A poisonous bubble
So here are the ingredients of the Everest climbing industry. High peak fees, to keep most climbers away. Fixed ropes, to minimise the skills demanded of guides and clients and to keep guiding costs down. A third world economy, to keep costs down still further. Starry eyes and guilt trips, to keep criticism incoherent. The result is a poisonous bubble.
Inside the bubble there are a few elite guides – almost exclusively foreign – with immense experience across a range of climbing genres. Then there are the Sherpa guides and staff, mountain professionals isolated from mountain professionals elsewhere in the world by the oddity of the Everest game. And finally there are the clients. They are unusual people because of their access to serious money and their dedication to a mountaineering goal that carries little credit amongst mountaineers.
Of all the gaps that divide the bubble-dwellers from each other, the one referred to most often is the gap between local people and "westerners." The people called westerners come from locations dotted like measles across the globe. The language strains against 21st century reality – individuals from Japan, South Korea, Iran, Qatar, Kazakhstan, Palestine and Pakistan all pay to climb mountains in Nepal. But most 21st century lives are circumscribed by economics to a degree that might be more recognisable to a typical Sherpa family than to someone who can spend $50000 on a holiday.
The beneficiaries of bubble-mountaineering are the Government of Nepal, the owners of the Everest climbing businesses – many of them foreign – and the various industries – almost exclusively foreign – that sell equipment and news to climbers.
Diverse kinds of mountaineering can co-exist easily. Sometimes. But the pursuit, sponsorship and promotion of hardcore alpinism does not sit comfortably with the promotion and glamorisation of guided ascents of big mountains by easy routes. Some people think otherwise. There has been a determined effort to create a marketing synergy in which each half of the mountaineering world reinforces the glamour of the other. The golden Everest dust can then perhaps settle on all the main players. But it won't necessarily settle on the Sherpas.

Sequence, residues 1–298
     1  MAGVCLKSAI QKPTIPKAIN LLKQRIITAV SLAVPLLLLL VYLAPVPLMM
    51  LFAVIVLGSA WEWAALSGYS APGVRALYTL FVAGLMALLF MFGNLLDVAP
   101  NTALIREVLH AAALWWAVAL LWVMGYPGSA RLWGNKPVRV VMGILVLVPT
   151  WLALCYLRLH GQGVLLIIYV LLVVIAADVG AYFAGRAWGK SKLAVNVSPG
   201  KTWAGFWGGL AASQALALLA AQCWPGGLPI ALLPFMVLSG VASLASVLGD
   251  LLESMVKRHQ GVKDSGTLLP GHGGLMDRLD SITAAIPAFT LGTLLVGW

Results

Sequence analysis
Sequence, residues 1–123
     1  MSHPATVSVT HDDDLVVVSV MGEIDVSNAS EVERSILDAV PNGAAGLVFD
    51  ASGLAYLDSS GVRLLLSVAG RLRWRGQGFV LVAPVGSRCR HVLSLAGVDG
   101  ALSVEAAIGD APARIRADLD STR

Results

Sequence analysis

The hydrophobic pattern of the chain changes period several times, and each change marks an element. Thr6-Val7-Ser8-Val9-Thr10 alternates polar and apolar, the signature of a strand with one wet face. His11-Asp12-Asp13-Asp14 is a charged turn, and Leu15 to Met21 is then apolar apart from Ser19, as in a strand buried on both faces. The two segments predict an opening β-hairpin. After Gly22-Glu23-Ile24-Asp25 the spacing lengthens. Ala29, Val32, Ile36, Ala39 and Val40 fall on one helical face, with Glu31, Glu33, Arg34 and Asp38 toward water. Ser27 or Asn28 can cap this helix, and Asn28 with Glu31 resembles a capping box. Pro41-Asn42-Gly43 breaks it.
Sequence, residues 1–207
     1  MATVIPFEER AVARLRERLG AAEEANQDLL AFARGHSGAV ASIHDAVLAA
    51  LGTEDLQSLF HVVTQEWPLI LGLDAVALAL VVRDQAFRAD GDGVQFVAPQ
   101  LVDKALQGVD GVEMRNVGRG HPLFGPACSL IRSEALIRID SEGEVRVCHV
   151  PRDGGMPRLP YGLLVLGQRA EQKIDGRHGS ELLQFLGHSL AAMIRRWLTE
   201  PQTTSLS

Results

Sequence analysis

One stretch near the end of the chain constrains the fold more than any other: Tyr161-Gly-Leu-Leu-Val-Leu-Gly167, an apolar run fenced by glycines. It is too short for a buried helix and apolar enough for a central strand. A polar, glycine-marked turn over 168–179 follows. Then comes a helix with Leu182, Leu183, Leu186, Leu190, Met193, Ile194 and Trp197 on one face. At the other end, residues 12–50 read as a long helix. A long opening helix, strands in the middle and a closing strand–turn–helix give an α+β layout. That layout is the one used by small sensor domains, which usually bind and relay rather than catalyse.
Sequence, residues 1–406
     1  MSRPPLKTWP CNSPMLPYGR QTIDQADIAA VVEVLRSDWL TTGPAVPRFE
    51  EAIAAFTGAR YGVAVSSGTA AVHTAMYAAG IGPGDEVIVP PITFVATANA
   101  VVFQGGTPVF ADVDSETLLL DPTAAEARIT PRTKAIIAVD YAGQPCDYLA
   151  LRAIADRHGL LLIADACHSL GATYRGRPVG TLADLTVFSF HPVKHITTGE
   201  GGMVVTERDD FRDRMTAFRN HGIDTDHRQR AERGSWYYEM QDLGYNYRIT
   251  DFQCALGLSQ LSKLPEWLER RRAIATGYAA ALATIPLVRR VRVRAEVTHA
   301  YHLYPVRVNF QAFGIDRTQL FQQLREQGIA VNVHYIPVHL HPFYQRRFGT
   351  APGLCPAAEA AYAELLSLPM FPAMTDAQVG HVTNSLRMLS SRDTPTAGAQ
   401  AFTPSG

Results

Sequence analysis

Everest has a peculiarity. Its southern approach is protected by a barrier that is uniquely formidable for a well-trodden voie normale. Everyone bound for the South Col or the Southwest Face must pass through the Khumbu icefall, a huge, ever-changing labyrinth of ice cliffs and chasms.
Fixed ropes on the upper parts of the mountain are unnecessary and perhaps undesirable for a competent climber. But just about everyone agrees that repeated passage through the icefall, burdened with the equipment needed higher on the mountain, is impracticable unless the route is equipped with fixed ropes and aluminium ladders. This work is done by Sherpas, and generally begins before the first expeditions arrive.
It is dangerous, technically complex work that demands sure judgement. Mastery of the necessary skills is the key, for the Sherpa community, to unlocking the economic potential of their mountain. But it is peripheral to the set of skills possessed by international mountain guides. Fixed-rope expertise empowers Sherpas within the Himalayan ghetto, but it won't get them a place at the top table of mountaineering professionals.
Almost everyone reporting on the violence on Everest – including the three victims – has taken care to acknowledge the hard work done by Sherpas. Gratitude is a poor substitute for the tariffs that an alpine guide can command.
On 27 April Steck, Moro and Griffith (the NO2 Oxygen team) were climbing unroped on the Lhotse Face – the face that gives access to the South Col on the normal Everest route. Their intention appears to have been to acclimatise in preparation for an attempt to climb the mountain by a new route and without supplementary oxygen.